The overall gas situation in Europe remains stable at the start of April with the continent’s gas storage levels at around 56% and neutral gas prices holding steady below €50/MWh ($48/MWh). With the formal end of the 2022-23 winter season, EU nations are halting gas withdrawals as countries shift their attention towards refilling gas stocks for next winter.
To refill gas stores, EU member states have agreed to extend the bloc’s voluntary 15% gas reduction target for another year until March 2024. The original reduction target for end of March has been extended to meet the bloc’s target of filling 90% of the continent’s gas stores by November 2023.
The EU has agreed on negotiating positions for two energy-focused pieces of legislation regarding natural and renewable gas use. These proposals are intended to assist EU members to transition away from natural gas and towards renewable energy sources and other low-carbon gases including biomethane and hydrogen. The proposed plan includes a security clause allowing member states to temporarily block LNG and gas imports from Belarus and Russia without the need for EU sanctions.
Energy-intensive companies across Europe report production disruptions, with several German companies citing impacts due to high energy prices in March. Chemicals manufacturers struggle with persistently high energy prices that are pushing companies to divest operations away from Europe.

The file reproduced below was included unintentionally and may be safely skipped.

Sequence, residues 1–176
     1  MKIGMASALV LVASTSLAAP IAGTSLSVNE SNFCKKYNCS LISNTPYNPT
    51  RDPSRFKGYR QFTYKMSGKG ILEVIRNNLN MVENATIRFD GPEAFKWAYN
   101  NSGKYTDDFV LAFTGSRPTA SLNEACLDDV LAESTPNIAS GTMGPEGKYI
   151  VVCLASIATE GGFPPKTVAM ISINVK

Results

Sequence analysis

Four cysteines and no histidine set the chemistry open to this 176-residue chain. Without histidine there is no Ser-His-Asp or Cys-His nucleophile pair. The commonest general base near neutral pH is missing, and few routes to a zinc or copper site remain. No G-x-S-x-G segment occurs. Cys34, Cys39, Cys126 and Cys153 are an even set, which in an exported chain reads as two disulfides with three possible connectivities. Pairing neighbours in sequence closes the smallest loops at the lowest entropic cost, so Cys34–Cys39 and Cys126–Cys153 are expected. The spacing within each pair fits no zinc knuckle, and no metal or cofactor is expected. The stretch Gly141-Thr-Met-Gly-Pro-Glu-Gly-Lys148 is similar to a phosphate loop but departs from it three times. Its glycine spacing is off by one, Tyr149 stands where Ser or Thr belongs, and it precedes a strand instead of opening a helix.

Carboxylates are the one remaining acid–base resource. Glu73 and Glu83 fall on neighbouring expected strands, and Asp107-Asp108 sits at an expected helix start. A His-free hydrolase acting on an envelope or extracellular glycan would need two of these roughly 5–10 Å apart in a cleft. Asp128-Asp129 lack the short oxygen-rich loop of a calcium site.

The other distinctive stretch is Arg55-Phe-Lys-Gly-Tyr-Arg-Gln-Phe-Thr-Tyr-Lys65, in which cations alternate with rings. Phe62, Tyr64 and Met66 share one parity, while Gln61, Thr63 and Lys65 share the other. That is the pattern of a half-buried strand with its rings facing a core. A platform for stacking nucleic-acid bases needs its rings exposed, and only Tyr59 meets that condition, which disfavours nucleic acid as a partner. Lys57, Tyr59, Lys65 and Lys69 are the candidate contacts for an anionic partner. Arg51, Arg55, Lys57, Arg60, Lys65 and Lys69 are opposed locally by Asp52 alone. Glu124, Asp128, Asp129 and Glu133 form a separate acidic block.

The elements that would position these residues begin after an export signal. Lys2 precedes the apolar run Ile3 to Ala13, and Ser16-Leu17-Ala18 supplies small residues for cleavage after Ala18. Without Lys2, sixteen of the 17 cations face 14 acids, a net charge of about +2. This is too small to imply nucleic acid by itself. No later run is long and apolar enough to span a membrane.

French strikes cause gas levels to decline
The continent ended the 2022-23 winter season with gas levels at an all-time high of above 55%. Gas storage levels across the continent are expected to increase again as countries focus on refilling gas supplies in time for next winter.
Gas levels in France declined by around 10% over the course of March as the country dipped into gas stores due after strikes at all four of its LNG import terminals. Workers at the terminals went on strike as part of a larger protest movement against the French government’s pension reforms that increase the country’s mandatory retirement age.
The lack of LNG imports at French terminals caused a subsequent drop in gas exports to Belgium, which saw its own gas stores decrease by around 8%. However, the continent’s overall gas stores have seen a limited impact from the strikes as all 17 LNG shipments that were diverted away from French LNG terminals eventually offloaded at other terminals across Europe, including in the United Kingdom, Spain, and Germany.